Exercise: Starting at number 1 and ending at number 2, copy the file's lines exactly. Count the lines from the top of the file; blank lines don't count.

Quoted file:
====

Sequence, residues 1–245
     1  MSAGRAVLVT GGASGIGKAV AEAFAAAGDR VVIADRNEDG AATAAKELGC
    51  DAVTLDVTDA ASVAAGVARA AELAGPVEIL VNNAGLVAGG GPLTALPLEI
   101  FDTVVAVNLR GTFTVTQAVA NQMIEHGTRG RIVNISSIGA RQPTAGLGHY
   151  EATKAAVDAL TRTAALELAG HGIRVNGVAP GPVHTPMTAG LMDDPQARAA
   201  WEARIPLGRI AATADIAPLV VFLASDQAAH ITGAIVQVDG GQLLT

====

Sequence, residues 1–245
     1  MSAGRAVLVT GGASGIGKAV AEAFAAAGDR VVIADRNEDG AATAAKELGC